This one is kind of neat for a few reasons. The most straightforward play is to lead with Smuggler's Copter and then follow it up with Flickerwisp. If the opponent had tapped out for a blocker (don't ask me what blocks a Smuggler's Copter on the third turn), then Flickerwisp's ETB trigger will remove the blocker. Then the Flickerwisp can be used to crew the Smuggler's Copter to attack for three and loot. Then you have six power worth of fliers on the board ready to attack the following turn. The other neat thing you can do with Flickerwisp is exile the opponent's land. Let's say they have a Steam Vents untapped ready to cast Lightning Bolt on your Smuggler's Copter. Target it with Flickerwisp's ability, forcing them to tap it for red mana in response. Then move into your combat step without crewing the Smuggler's Copter. This will force the opponent to spend their mana or lose it. If they spend the mana to target the Flickerwisp with the Lightning Bolt, then use the Flickerwisp to crew the Smuggler's Copter in response so you can then attack with it. If they do not cast the Lightning Bolt and instead all you to proceed into your combat step, then inside combat before attackers are declared, tap the Flickerwisp to crew the Smuggler's Copter and attack with the Copter. Whichever path the opponent chooses will result in you getting a free hit in with the Smuggler's Copter. The slight drawback of targeting their land is that they get it back on the end step while the Smuggle'rs Copter is still a creature, so they can still Lightning Bolt the Smuggler's Copter on your end step. If it's a shock land, they'll have to pay two extra life for it though, and you still have a Flickerwisp – unless they had two Lightning Bolts, in which case things didn't work out great for you but at least got three damage and a free loot out of the deal.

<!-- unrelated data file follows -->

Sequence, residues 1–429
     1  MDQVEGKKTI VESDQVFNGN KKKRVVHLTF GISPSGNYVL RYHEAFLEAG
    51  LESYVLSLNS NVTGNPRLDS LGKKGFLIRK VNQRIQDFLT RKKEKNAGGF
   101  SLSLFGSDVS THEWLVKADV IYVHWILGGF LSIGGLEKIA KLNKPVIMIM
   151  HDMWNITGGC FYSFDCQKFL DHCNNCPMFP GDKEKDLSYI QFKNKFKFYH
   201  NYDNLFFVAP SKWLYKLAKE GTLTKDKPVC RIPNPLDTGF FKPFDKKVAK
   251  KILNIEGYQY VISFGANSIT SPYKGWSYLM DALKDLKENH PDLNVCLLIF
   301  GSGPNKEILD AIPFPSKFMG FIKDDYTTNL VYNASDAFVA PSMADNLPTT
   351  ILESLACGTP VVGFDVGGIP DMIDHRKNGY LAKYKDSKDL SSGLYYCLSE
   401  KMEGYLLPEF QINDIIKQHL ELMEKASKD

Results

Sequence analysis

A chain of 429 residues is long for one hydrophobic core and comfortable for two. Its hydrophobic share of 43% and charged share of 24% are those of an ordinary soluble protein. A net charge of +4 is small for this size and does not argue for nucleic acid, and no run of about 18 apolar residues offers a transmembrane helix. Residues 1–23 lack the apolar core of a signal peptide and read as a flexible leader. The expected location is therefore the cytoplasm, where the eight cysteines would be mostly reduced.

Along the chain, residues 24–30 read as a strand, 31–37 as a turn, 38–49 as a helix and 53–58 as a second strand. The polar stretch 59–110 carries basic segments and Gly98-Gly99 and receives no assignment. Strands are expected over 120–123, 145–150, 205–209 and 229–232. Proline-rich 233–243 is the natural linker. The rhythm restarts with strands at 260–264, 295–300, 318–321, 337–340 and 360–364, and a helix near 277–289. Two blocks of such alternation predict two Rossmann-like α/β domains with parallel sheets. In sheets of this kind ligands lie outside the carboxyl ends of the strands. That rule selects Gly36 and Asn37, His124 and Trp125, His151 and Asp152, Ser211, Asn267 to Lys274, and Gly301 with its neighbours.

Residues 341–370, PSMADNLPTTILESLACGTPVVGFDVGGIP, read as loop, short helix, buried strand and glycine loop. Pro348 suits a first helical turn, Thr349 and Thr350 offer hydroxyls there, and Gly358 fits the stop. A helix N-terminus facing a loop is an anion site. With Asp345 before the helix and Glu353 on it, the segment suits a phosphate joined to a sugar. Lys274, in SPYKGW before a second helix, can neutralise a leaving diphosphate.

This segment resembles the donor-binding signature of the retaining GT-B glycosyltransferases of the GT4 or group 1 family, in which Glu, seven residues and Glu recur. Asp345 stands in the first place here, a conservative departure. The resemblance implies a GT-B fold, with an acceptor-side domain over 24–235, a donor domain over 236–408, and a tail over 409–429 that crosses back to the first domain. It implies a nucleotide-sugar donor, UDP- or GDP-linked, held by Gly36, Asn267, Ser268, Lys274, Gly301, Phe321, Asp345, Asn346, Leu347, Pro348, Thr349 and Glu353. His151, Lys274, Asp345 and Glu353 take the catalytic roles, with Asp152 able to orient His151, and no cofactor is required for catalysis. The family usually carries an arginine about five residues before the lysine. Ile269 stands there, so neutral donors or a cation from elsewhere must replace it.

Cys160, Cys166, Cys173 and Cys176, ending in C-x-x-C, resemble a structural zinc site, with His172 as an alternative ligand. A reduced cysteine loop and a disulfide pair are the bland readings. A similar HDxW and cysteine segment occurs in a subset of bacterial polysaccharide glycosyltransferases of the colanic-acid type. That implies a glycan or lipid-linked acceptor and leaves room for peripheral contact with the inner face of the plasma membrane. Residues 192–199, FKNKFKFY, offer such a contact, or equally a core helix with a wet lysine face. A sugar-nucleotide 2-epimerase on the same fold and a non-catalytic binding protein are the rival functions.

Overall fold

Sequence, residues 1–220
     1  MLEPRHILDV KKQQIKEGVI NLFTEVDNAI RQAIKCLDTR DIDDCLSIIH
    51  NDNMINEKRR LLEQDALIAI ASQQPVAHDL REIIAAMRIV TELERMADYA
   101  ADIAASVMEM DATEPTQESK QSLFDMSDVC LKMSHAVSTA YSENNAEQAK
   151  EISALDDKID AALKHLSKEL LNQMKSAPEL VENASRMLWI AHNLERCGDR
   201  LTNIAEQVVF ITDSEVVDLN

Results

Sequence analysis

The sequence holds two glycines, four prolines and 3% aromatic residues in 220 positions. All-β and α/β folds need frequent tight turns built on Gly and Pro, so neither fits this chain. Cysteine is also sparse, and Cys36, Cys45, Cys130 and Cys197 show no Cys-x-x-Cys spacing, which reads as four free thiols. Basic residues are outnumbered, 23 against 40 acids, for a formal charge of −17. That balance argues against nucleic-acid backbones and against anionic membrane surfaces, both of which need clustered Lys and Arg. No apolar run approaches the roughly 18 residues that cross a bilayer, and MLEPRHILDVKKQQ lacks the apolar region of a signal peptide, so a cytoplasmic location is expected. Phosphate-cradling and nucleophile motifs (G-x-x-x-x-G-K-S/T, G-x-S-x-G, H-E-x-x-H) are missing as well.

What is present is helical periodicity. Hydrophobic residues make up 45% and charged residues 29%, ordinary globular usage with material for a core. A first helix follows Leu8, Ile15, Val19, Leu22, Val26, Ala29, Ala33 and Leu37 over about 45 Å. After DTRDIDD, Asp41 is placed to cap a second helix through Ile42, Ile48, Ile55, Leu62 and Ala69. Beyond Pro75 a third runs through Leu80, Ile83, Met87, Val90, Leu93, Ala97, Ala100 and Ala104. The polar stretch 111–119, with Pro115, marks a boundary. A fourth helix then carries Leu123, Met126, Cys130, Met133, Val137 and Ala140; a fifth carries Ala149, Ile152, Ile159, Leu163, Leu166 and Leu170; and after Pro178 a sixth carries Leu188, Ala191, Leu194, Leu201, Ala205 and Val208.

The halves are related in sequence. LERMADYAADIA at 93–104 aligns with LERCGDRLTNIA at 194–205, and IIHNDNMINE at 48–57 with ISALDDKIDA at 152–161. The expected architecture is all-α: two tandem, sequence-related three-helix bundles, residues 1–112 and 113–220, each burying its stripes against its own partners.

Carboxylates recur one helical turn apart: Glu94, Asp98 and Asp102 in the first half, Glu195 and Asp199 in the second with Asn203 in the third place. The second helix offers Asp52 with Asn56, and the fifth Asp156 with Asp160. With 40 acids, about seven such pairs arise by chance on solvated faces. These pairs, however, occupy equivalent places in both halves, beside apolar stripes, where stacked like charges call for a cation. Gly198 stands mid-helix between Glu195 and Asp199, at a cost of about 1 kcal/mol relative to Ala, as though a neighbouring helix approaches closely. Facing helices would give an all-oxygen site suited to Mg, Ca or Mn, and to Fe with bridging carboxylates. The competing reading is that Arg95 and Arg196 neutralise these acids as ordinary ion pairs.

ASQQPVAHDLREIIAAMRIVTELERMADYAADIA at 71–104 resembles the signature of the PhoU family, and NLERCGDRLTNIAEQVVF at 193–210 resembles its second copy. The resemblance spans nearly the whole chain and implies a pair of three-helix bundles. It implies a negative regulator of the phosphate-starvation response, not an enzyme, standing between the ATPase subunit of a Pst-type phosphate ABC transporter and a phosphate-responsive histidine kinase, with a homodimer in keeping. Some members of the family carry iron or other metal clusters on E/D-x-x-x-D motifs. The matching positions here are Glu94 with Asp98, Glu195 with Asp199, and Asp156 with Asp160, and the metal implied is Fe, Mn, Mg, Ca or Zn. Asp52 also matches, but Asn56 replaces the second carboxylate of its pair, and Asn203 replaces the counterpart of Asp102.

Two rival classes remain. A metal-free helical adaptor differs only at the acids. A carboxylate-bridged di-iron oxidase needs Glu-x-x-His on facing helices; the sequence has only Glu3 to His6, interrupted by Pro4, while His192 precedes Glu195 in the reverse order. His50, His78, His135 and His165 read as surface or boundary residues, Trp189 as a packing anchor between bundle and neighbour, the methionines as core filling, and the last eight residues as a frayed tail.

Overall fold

Here's a rough list I would like to try out that incorporates some of these elements I just discussed:
I haven't tried out this list yet, but we're basically replacing Leonin Arbiter with Smuggler's Copter in Green-White Hatebears. The list makes sense at least and is going to be the place I start my testing with next week.
Lost playing for Top 8. Here's the list I ran. Deck was good. #GPDEN pic.twitter.com/Go1uUHQDH0— Craig Wescoe (@Brimaz4Life) December 5, 2016
It started off with a near miss where I lost playing for Top 8 of Grand Prix Denver with the Green-White Humans deck I wrote about the day before. Sam Black and I each played in the GP and both said we would run it back with the same deck if we could. After the tournament, Hall of Famer Ben Stark lamented that he wished he had pulled the trigger on playing the deck in the tournament:
@BenS8528 @Brimaz4Life I'd like to playtest it soon.— Marta Siedlecka (@nailianna_) December 8, 2016